This is not the choice OVHCloud made.

5. Many websites offline

Leader in computer data hosting, OVH, now called OVHcloud, hosts many websites in France and abroad and serves as a service provider to many companies or developers.

"When you have spent a week setting up an infrastructure and the servers catch fire a week before going live," tweeted a dejected developer.

If the site was blocked for a while, it went back online in the morning.

However, several official platforms hosted by OVH (, are still inaccessible.

The company hosts a multitude of services or institutions that have reported, as the sports clubs ASM Rugby.., AS Nancy Lorraine or the Pompidou Center in Paris, on social networks:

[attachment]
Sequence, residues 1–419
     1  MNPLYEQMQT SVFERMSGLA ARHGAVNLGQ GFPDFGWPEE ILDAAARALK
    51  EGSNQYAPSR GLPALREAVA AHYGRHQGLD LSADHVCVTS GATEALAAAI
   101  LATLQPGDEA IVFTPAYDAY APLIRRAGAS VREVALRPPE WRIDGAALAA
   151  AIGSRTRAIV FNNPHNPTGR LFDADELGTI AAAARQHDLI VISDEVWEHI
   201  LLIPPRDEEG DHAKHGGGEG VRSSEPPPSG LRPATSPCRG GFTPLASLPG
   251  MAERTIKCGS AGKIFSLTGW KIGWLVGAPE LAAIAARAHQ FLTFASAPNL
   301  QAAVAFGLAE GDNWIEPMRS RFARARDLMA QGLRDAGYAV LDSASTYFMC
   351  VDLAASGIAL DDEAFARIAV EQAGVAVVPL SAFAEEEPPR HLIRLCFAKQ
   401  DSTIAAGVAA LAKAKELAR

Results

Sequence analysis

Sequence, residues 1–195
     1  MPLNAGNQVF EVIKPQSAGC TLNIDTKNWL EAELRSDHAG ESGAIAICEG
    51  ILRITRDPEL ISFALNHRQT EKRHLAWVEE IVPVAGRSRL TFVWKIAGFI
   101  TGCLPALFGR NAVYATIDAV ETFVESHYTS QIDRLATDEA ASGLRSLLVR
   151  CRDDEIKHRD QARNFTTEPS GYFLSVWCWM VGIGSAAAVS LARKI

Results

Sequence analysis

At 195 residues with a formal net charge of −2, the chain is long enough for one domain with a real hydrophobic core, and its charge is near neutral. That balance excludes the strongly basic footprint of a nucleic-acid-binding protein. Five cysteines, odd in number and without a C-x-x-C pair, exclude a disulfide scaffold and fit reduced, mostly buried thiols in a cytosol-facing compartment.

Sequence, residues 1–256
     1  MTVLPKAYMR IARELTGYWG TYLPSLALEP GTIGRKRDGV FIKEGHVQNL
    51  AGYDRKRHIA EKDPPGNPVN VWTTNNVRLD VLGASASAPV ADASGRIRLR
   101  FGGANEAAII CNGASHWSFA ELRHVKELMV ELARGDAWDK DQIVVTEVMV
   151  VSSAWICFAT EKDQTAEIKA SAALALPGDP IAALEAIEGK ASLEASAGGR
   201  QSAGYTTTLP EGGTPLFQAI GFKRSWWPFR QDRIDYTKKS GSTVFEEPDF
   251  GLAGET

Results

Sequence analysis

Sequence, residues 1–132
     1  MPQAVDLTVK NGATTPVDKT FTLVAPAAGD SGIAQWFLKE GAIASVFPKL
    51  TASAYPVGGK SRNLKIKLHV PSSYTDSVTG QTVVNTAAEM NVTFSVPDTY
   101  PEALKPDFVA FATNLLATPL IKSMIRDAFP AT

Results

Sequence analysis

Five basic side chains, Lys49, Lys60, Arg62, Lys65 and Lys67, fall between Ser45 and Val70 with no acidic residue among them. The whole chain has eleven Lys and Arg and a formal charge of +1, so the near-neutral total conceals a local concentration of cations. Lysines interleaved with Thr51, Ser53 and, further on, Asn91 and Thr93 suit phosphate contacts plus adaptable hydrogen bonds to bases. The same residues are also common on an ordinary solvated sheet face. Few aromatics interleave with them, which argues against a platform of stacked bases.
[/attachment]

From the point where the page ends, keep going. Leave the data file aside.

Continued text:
German, Italian, Polish or Turkish sites are also affected, says the Dernières nouvelles d'Alsace.

The most cautious will have no trouble activating backups, contracting security. But small structures or amateur sites may not have this level of precaution and may never be able to recover their data.

"The fire affecting a major OVH site reminds us of a fundamental fact that is too often forgotten: a Web site, a critical Internet activity, is duplicated on at least two distinct providers.

Digital technology is not infallible and remains subject to the laws of the real world," notes Alexandre Archambault, a lawyer specializing in digital issues.